All three albums represent variations on a theme: McIntyre’s efforts to get comfortable without the “rock suit” he’s fashioned for himself while singing and playing guitar with the Pinx. “It’s a wonderful, beautiful suit if I do say so,” he adds. “But what if I wasn’t expected to do that? I took off the suit and made a blues record because that’s how I started. You’re Doing It Right is going even farther into removing identity. It’s running around wearing only purple paint. In space.”

Songs on McIntyre’s third record will largely be about becoming nobody, which he says is based on Ram Dass’s talks on ego vs. identity vs. the soul. “I’m looking to make a very fun record about losing yourself and seeing what is still left,” he says. “I guess it’s a trilogy of taking off your clothes, spiritually.”

To kick off this seemingly spontaneous series, in late March, McIntyre rolled out the first single from The Devil Got My Soul!, titled “Do The Damn Thing,” which features a blistering solo by Wayne Kramer of the MC5.

With all of this new material taking shape, McIntyre has also found time for a whole batch of Pinx songs as well. The group has a new EP tentatively scheduled for a July release, and four to five songs are coming together for the next full-length album as well. More details are coming soon.

Of course, McIntyre isn’t the only local rock dude to turn out a new record this spring. Chunklet Industries and Mathis Hunter’s self-run indie label Ley Lines have teamed up to release Hunter’s latest album, Mood Lighting.

Following a new single from the LP that previewed in April, “Clone It Off,” Mood Lighting emerges as a layered, inward journey that’s as sentimentally profound as it is psychedelic. Each number reflects on the ins and outs of reconnecting with one’s identity in the wake of a relationship coming to an end. For this outing, Hunter takes up guitar, bass, percussion, and various other musical duties, and is joined by a coterie of Atlanta all-stars including drummer Lee Corum, Rich Morris on keys, and Andy Morrison playing guitar and lap steel. 

Keep your eyes peeled for a new video for the album’s closing number “Don’t Be Long” to arrive in June.

In other Chunklet-related news, on June 5, the label is rolling out a handful of stellar new releases including a Honey Radar singles comp featuring liner notes by Byron Coley; a new single by Shark Toys, which includes a Desperate Bicycles cover on the B-side; and 7-inch singles by Atlanta acts Vangas, Reverends, and the almighty Purkinje Shift.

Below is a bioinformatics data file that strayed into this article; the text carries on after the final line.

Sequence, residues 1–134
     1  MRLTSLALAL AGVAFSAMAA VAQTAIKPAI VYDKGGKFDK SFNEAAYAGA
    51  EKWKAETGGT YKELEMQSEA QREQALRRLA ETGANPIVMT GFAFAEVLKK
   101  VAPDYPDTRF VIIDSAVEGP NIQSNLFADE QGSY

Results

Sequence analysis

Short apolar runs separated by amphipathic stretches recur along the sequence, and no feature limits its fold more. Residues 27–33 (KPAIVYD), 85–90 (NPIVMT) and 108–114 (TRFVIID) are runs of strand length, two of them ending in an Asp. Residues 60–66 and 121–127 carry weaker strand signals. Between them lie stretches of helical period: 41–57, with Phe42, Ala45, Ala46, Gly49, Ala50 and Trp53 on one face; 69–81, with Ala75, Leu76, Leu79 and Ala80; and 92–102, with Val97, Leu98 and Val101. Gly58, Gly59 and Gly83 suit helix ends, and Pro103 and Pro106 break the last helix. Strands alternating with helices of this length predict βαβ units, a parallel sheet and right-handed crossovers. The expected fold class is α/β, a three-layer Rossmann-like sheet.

Another Risk Of The Heart is the latest release from longtime Atlanta songwriting hero Blake Rainey and the Young Antiques. Released via Southern Lovers Recording Co., Another Risk Of The Heart is pressed on gorgeous blue vinyl, and finds singer and guitarist Rainey flanked by bass player Blake Parris and new drummer John Speaks (Skirt, the Jody Grind), all reveling in new anthemic songs with titles such as “Euclid Creeper,” “I Think You’ll Never,” and “Goin’ Home” featuring vocals by Atlanta expat Kelly Hogan (Neko Case, the Decemberists, Rock*A*Teens, The Jody Grind).

Each song was recorded in Rainey’s home Southern Lovers Recording Studios, blending his signature blend of power pop hooks and storytelling with a rural Southern inflection and crystalline production. Chris Lopez ( Rock*A*Teens, Tenement Halls) and Tom Cheshire (West End Motel, All Night Drug Prowling Wolves) also make guest appearances throughout the album.

Grace Bellury’s indie rock outfit Karaoke has a new video out for the song “Lo Hi.” The song is set to appear on a forthcoming album, title TBD. The video, directed by DJ Barbie Corvette, is a single shot — no cuts — in which the group’s synth player Adrian Benedykt Świtoń dances and writhes around a glowing hotel room eating pizza, smoking cigarettes, and staring into the camera with fixed, bedroom eyes. Sultry. Absurd. Awesome. The “Lo Hi” video is the first in a series of five new videos in which all members of the group will get their individual screen time. Look for more coming very soon.

Last, but not least, on May 22, Brian Revels & the Heat Lightning released a brand-new album, Jasper County Blues. Check it out on Spotify. —CL—

Send local music news items to chad.radford at creativeloafing.com."
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  string(5454) "For most of us, after nearly three months of sheltering in place, the charm of quarantine time has worn off. But for __Adam McIntyre__ of __The Pinx__, the downtime is proving to be quite an inspiration.

“I was a prolific writer as a teenager, and without my daily tasks of driving kids around and doing things I think I have to do but don’t, I go right back to what recharges and equally burns my energy, which is making music,” McIntyre says. “It’s all I want to do. So knowing that I was about to have a lot of time to create, I decided to get naked.”